Write on Site
Monday, July 18, through Friday, July 22
11 am to 2 pm
Ages 12 to 17
Immerse yourself in site-specific art at The Aldrich and you’ll have no lack of writing inspiration! Guided by Barb Jennes—poet, writer, and currently an eighth-grade English teacher in Ridgefield—you’ll spend the week exploring the installations, sculptures (indoors and out), and “play-with-it” interactive artwork of four outstanding contemporary artists. Then, you'll express your deep engagement with the creative experience in writing for various literary media. Collaborate, share, and create with other serious young writers. A selection of the participants’ writing will be showcased in the galleries and on the Museum’s website and social media, offering Aldrich visitors a unique perspective—yours!—into the current series of exhibitions.
About Barb Jennes
After an early career in poetry followed by twenty-five years as a professional writer and editor for corporations, ad agencies, and magazines, Barb Jennes transferred her passion and skills to teaching middle-school English. According to Jennes, teaching is the ultimate creative career, requiring insight and intuition into what makes the adolescent mind engage and expand. Jennes was a summa cum laude graduate of the State University of New York at Albany, where she majored in English with a creative writing focus. In addition, she holds an MS degree in Educational Curriculum. She has led many creative writing workshops for teens and adults over the years. When not teaching or writing, Jennes enjoys visiting contemporary art museums across the country.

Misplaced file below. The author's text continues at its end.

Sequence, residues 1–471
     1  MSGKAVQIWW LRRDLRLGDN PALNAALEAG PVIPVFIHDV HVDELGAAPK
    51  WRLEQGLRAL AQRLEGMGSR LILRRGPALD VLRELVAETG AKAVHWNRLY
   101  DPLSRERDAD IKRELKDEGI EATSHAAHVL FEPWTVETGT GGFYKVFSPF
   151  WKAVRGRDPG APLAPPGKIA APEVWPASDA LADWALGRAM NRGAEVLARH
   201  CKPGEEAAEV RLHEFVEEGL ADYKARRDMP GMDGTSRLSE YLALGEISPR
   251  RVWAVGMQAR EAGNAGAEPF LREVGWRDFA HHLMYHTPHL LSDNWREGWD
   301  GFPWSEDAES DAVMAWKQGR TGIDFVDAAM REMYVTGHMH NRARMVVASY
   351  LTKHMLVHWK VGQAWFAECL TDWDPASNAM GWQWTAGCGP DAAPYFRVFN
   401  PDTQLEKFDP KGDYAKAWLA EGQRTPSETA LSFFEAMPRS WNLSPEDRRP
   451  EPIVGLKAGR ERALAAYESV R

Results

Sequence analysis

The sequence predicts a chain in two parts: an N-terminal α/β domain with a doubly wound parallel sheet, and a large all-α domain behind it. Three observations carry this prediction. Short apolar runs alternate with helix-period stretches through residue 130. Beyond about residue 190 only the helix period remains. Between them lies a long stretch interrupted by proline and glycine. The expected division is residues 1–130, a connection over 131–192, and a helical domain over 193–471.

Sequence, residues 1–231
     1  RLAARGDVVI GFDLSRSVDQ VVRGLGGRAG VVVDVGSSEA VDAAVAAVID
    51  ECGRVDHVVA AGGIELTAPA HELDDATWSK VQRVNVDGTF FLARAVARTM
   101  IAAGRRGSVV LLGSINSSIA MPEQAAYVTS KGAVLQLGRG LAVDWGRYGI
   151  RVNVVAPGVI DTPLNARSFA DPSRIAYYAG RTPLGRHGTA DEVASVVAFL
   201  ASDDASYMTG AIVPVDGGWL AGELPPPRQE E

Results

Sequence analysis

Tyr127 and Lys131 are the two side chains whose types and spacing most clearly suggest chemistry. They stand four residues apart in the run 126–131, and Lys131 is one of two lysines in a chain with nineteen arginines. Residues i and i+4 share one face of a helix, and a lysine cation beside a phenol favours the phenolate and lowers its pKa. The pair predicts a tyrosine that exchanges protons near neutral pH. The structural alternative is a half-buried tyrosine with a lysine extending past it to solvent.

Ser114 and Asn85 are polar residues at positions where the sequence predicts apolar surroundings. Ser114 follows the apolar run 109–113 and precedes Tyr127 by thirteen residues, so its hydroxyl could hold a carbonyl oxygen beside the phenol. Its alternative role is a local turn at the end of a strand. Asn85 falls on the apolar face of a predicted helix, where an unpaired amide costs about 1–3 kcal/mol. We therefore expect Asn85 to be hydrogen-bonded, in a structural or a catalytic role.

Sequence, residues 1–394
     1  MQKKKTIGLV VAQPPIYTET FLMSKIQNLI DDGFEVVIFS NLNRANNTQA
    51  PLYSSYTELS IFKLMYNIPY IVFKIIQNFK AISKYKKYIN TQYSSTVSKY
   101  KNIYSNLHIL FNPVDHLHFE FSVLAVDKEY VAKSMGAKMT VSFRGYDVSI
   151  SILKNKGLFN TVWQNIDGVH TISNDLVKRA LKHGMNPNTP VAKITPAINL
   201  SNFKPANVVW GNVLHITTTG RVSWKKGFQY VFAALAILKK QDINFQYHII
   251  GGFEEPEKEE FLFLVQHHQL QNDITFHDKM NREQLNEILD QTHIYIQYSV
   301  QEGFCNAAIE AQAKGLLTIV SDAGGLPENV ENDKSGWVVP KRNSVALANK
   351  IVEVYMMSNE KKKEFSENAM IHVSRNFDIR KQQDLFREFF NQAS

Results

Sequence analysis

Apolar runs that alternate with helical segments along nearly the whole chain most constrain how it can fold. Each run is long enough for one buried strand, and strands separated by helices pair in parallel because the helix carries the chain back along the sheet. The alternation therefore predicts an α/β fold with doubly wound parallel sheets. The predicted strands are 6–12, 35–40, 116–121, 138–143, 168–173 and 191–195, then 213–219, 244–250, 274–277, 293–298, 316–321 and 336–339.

Site Lines: Four Solo Exhibitions Engaging Place includes specially commissioned works by David Brooks, Kim Jones, Peter Liversidge, and Virginia Overton that utilize not only The Aldrich’s galleries, but also the sculpture garden, outdoor terraces, and various public locations in Ridgefield. Exhibition elements include a disassembled agricultural combine whose elements pass through the Museum’s first floor into the surrounding landscape (Brooks), a grove of trees transformed into a dramatic biomorphic sculpture (Jones), a cannonball embedded in a gallery wall that references the Revolutionary War cannonball that was fired by the British into the wall of the Keeler Tavern (Liversidge), and an interactive, twelve-foot hanging swing made from a large tree felled on the Museum’s campus (Overton).